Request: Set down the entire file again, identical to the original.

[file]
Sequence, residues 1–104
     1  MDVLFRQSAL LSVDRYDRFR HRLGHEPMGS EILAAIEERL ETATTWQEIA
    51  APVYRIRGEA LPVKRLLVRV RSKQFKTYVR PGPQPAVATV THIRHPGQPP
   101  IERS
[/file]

Sequence, residues 1–104
     1  MDVLFRQSAL LSVDRYDRFR HRLGHEPMGS EILAAIEERL ETATTWQEIA
    51  APVYRIRGEA LPVKRLLVRV RSKQFKTYVR PGPQPAVATV THIRHPGQPP
   101  IERS